How Demi Lovato Learned To Love Her Body
The multi-talented star talks to BuzzFeed about health, happiness, and the advice she wishes she could give her teenage self.
Demi Lovato is the rare pop star who uses her voice to do more than just belt. The outspoken singer has been impressively candid about her own struggles and become an advocate for young people battling eating disorders, mental illness, and addiction in the process. Recently, she took a break from her busy schedule to answer questions about feeling confident, staying active, and asking for help when you need it.
What does "healthy living" entail for you?
DL: For me, healthy living involves taking care of myself — both mentally and physically. It means surrounding myself with positive and supportive people, as well as exercising and maintaining a well-balanced diet. At this point, healthy living is just a way of life.
When do you feel the most confident?
DL: I feel most confident when I'm taking care of my body and my skin. I started posting #NoMakeupMonday selfies in hopes of inspiring other women to feel comfortable in their own skin. Embracing yourself is important and I wish that all women would realize how beautiful they are, inside and out. Aside from eating healthy and taking care of my body, I've always been passionate about skincare. It's an essential part of my daily regimen, which is why I decided to create my own skincare line, DEVONNE by Demi. When my skin is clean, I feel my best! There's no better way to take care of yourself than treating your body right.
What's your favorite way to stay active?
DL: So many things. Hiking, walking on incline or any chance possible — I especially love my daily walks with Buddy — and cycling! I recently purchased my own bike and took it on the road with me during my world tour. I also enjoy taking classes when I have free time.
Has the way you feel about your body changed since you were a teenager?
DL: It's only natural for your body to change as you get older. I have come a long way mentally, emotionally, and physically, and I'm proud of where I am today. When I look back, it saddens me to think that I was so hard on myself — when I was younger, I thought I had to look like everyone else, but I learned that beauty comes from how you feel about yourself. Once I started taking care of my mind, body, and soul, I realized that I didn't need to conform to what's "normal" and started to love myself.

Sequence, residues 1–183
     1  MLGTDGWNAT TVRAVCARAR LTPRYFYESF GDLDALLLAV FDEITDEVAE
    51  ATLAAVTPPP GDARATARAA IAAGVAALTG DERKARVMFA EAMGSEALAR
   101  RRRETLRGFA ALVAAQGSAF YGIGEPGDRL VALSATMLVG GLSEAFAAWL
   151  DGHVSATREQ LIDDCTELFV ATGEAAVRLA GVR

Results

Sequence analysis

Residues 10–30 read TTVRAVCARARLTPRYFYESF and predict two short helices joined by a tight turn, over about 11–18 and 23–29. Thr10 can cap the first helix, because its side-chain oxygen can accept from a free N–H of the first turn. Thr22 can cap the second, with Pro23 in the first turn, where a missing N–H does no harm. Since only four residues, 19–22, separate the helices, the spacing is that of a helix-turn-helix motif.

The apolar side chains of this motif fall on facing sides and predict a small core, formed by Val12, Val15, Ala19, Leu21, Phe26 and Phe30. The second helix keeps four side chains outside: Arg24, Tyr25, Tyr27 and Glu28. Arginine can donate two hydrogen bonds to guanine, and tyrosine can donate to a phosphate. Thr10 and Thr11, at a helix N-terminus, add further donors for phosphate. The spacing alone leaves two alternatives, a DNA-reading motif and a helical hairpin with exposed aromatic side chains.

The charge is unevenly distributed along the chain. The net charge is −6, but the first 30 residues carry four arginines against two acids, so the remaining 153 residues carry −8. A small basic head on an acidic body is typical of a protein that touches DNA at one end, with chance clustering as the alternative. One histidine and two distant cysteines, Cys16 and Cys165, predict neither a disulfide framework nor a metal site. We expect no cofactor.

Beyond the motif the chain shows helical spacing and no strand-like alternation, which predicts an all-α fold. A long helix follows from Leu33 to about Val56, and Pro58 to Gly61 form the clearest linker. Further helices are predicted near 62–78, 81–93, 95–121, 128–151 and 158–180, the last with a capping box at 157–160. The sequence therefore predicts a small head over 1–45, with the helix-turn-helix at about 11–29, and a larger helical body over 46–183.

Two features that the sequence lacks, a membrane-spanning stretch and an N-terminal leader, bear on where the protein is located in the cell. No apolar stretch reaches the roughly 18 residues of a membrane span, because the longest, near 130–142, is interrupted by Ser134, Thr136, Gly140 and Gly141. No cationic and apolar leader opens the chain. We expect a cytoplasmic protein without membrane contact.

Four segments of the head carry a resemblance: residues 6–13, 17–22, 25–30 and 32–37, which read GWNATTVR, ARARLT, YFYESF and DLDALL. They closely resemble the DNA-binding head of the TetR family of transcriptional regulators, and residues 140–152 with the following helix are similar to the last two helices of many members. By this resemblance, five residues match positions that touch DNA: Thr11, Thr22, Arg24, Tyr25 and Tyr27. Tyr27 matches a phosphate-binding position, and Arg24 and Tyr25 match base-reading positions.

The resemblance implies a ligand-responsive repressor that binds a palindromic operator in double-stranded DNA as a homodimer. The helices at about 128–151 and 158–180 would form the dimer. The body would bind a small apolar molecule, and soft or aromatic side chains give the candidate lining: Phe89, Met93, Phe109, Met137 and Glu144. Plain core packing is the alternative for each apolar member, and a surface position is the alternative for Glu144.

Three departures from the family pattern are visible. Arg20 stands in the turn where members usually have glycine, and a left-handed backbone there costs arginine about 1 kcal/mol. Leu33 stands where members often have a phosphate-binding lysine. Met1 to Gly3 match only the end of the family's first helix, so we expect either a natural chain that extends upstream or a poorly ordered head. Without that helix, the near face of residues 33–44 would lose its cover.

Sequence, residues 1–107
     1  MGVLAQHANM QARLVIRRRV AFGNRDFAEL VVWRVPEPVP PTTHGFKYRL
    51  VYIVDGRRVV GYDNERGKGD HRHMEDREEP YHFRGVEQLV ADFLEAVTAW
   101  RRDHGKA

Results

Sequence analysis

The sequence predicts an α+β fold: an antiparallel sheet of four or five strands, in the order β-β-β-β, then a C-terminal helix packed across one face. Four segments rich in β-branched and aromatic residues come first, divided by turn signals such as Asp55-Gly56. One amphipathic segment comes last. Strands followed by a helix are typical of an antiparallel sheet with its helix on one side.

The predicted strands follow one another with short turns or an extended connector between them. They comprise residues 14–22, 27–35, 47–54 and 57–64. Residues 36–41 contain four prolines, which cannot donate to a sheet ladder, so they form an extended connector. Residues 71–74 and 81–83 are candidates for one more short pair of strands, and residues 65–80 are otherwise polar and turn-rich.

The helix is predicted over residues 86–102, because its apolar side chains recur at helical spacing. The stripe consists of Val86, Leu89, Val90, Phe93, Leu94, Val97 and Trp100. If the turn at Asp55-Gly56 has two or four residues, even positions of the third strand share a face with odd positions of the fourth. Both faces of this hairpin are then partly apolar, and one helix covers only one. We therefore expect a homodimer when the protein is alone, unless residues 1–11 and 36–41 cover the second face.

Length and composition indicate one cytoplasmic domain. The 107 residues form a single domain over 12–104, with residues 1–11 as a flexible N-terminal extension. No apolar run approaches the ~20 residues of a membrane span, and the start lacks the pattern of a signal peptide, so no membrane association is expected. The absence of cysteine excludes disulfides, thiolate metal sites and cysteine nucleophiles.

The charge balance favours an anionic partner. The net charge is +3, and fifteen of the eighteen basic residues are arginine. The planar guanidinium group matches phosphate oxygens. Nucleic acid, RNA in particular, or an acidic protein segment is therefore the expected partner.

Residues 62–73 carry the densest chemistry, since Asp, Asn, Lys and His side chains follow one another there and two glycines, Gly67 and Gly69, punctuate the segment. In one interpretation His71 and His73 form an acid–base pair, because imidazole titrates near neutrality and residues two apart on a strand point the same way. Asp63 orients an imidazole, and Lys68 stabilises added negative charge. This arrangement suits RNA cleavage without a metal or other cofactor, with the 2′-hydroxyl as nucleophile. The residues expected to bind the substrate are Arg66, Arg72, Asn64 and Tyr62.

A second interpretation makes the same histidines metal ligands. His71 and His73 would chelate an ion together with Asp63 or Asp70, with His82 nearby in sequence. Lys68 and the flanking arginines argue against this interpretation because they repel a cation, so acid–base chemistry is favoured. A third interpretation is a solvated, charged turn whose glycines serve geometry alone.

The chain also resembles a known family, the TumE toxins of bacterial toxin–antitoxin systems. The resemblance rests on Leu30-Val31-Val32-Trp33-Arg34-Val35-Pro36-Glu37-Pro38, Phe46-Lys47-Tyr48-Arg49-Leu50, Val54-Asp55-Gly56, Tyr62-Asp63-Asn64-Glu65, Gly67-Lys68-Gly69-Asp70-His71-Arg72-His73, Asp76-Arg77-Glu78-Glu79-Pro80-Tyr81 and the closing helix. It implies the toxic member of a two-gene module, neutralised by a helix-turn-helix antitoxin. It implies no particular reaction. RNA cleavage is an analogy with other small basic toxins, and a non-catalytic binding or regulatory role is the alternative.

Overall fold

What do you wish you could tell your younger self about health and body image?
DL: You can't live with regrets — every moment in my life has led me to where I am today, and because of my struggles, I'm able to serve as a role model and help others struggling with similar issues. If I could turn back time, I would tell myself that I'm beautiful every day, because we all are! And we need to start believing it!
How do you deal with insecurity when it strikes?
DL: We're all human so of course there are days when I'm feeling insecure. When that happens, I take time to reflect on how far I've come and how far I will continue to go — it helps me feel empowered and self-assured.
You've been very open about your struggles with body issues and mental illness — what has inspired you to be so honest about these subjects and what advice would you give someone who is struggling but scared to ask for help?
DL: I've been open about my struggles because part of my recovery includes being honest with myself and others, and I'm inspired to use my success as a platform to help others suffering. If you're hurting, don't be afraid to seek the help you need! Speak to someone — it may just change your life. As a mental health advocate, I created The Lovato Treatment Scholarship, which funds individuals that can't afford treatment for mental illness. A portion of the proceeds from my skincare line will go toward the scholarship. Ultimately, you can only help yourself — just know that you have a purpose and you are beautiful! Stay strong!
What's the best compliment you've ever received?
DL: You saved my life.
If you or someone you know is struggling with an eating disorder, here are some organizations that have trained support staff available by phone:
National Association of Anorexia Nervosa and Associated Disorders Helpline: 1-630-577-1330
Binge Eating Disorder Association Helpline: 1-855-855-BEDA
National Eating Disorder Association Helpline: 1-800-931-2237